Christopher joined The Royal Norfolk Regiment, Cavalry division, and went out to India in 1942. He was in Khairabad 1942, Lahore 1943, Simla 1943, Dehradun and Jullunder 1945. He was posted to Egypt in charge of Horse Transport in 1946 and was there until the end of the war. He used to speak of Suez, Port Said and the building of The Suez Canal. Elizabeth arrived in Alexandria, Egypt and was a theatre sister at the Army hospital. Christopher was home on leave when she used to go riding at the stables and was dreading the Officer in charge returning in case this meant an end to her riding but.... A love story began.
Christopher Simmonds and Elizabeth Hesketh were married at St Jennifer's Church Tel-El-Kebir 17 January 1948 and their first child, David, was born in Egypt.
Christopher and Elizabeth continued their military service in Egypt and Palestine after the end of the 2nd World War as hostilities continued. On several occasions baby David was put under the bed in a carrycot during gun attacks on their army quarters. Christopher and Elizabeth came home at the end of 1949 and were stationed in South Wales. They bought a house in Wylye, near Salisbury where they were until Christopher left the army and they moved to be near Christopher's family in Bromham, Bedford. David started school in Bedford and Jane was born there but they soon moved to Abingdon on Thames, near Oxford, which was 'Home' until 1967. First at 43 Abbott Road and then The Old Stables, Wick Hall. Christopher suffered a heart attack around 1966 and was not fit enough to work for quite some time. At a suitable moment and when the opportunity arose Elizabeth accepted a job with accommodation and the family made the move to Hoyland House, Ifield, Near Crawley, Sussex.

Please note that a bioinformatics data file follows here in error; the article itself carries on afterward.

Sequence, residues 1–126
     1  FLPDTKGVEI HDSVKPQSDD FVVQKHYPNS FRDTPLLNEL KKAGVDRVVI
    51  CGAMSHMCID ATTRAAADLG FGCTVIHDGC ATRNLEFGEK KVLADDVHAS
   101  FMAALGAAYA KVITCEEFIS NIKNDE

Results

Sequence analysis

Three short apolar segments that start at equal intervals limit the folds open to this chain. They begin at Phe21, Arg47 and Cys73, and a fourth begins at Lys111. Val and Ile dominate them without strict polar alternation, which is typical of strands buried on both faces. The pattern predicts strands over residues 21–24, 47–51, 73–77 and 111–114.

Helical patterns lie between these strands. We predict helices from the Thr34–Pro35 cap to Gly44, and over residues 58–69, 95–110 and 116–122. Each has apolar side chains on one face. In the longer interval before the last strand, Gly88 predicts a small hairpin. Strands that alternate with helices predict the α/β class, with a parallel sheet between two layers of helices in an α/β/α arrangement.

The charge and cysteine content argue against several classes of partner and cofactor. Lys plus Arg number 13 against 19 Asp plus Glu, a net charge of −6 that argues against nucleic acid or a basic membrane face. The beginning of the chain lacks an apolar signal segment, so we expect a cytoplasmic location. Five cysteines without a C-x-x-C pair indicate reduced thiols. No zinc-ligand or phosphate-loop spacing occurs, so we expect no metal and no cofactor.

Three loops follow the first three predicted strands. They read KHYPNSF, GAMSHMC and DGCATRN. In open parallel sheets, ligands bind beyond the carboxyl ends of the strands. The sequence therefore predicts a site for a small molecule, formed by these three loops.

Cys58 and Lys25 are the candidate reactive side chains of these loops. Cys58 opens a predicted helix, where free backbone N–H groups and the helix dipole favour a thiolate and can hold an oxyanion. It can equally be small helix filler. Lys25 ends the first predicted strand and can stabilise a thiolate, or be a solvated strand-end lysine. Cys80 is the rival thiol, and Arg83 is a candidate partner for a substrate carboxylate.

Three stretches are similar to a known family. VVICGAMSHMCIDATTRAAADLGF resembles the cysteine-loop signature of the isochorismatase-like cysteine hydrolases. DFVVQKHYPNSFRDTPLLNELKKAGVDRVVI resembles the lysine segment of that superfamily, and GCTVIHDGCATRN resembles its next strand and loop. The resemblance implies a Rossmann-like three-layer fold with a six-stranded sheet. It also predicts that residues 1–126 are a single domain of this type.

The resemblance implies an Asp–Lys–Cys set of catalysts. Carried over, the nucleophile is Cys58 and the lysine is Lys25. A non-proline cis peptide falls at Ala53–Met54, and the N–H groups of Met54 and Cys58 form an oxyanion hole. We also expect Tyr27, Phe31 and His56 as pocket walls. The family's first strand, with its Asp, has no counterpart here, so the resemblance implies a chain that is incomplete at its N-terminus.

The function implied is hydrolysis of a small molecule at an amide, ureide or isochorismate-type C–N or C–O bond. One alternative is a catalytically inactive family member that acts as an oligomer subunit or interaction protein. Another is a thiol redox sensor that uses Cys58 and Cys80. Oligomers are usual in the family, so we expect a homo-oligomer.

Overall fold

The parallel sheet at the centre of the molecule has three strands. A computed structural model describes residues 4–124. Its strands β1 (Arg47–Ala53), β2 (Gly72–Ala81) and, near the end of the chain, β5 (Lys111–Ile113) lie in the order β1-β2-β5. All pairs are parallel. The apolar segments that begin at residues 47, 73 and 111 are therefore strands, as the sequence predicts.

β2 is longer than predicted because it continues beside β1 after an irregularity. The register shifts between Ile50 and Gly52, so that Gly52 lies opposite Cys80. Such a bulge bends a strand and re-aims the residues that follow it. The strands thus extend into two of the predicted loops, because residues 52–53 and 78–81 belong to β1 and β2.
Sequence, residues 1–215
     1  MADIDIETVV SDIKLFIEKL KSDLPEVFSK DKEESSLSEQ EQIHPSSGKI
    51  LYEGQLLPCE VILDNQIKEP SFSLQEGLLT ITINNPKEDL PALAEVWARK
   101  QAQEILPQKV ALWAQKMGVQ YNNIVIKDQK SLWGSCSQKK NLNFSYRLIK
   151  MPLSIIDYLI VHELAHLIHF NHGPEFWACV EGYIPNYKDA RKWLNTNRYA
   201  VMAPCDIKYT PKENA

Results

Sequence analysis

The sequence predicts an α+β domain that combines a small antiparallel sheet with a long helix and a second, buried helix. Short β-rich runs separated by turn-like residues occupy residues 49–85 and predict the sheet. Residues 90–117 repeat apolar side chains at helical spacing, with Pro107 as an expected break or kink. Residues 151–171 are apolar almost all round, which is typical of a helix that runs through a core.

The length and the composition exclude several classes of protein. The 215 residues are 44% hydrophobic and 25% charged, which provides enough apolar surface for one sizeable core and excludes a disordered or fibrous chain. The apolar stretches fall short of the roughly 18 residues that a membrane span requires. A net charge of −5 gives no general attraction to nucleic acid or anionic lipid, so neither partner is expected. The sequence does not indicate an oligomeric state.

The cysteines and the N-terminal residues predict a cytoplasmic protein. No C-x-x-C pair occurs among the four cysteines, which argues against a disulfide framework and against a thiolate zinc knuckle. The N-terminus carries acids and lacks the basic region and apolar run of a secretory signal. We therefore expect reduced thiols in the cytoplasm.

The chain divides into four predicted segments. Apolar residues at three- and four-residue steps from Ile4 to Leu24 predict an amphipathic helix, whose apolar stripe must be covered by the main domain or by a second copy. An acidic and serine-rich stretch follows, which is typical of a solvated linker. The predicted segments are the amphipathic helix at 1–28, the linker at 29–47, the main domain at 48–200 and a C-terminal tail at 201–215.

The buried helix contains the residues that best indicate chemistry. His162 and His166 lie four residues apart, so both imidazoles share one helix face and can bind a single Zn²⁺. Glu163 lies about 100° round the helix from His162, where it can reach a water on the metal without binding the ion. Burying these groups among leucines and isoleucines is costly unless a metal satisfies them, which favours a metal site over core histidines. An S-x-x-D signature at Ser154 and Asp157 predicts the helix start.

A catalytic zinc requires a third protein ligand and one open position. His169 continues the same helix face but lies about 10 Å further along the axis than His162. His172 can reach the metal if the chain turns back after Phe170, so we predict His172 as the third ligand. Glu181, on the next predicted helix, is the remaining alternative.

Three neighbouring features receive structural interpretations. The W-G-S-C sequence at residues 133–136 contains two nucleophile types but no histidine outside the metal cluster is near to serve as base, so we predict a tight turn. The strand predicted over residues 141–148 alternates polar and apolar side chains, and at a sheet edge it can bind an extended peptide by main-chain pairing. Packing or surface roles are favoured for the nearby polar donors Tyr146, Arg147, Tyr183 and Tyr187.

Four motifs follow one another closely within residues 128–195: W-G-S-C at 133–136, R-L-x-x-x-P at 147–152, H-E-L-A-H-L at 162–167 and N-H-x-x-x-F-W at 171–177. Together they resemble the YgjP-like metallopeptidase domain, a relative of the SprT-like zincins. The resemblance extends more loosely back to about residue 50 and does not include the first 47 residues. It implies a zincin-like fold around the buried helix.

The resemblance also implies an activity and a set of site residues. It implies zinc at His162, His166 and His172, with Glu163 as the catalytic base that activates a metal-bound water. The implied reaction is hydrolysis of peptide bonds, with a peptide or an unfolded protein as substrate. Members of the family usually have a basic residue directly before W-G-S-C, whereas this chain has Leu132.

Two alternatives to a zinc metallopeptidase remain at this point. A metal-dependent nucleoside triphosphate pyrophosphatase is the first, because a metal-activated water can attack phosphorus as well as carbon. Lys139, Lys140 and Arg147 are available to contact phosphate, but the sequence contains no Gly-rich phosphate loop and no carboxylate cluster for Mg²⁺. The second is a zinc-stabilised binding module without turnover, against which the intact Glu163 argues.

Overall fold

It was Summer 1968. David had left school and was in London with BP, Sally was just off to Dartington Hall. Jane was at The Bush Davies Ballet School in East Grinstead (and hoping to dance her way around the world) and Vanessa, age eleven, was just off to St David's School, Ashford. Completely 'out of the blue' Christopher Simmonds was a beneficiary, along with his siblings and other members of the family, of the estates in Salisbury, of the late Henry Walter Simmonds and his sister Christina Katherine Simmonds. They had both died suddenly and intestate. It is rather a wonderful story that some of the proceeds of the bookshop their father Nathaniel Harrison had created should find its way back to his own children. It enabled Christopher and Elizabeth to return to Oxfordshire and they moved to Henley on Thames 'Before you could say Jack Robinson'. Christopher returned to work with Maples in Tottenham Court Road where he had worked before joining the army and Elizabeth became a matron of Everett House, Shiplake College, where she was very happy. When they had both retired they moved down to Felpham near to Elizabeth's childhood home, in West Sussex.
They were wonderful parents and devoted grandparents.
© 2020 Sally Linklater Custos Rotulorum.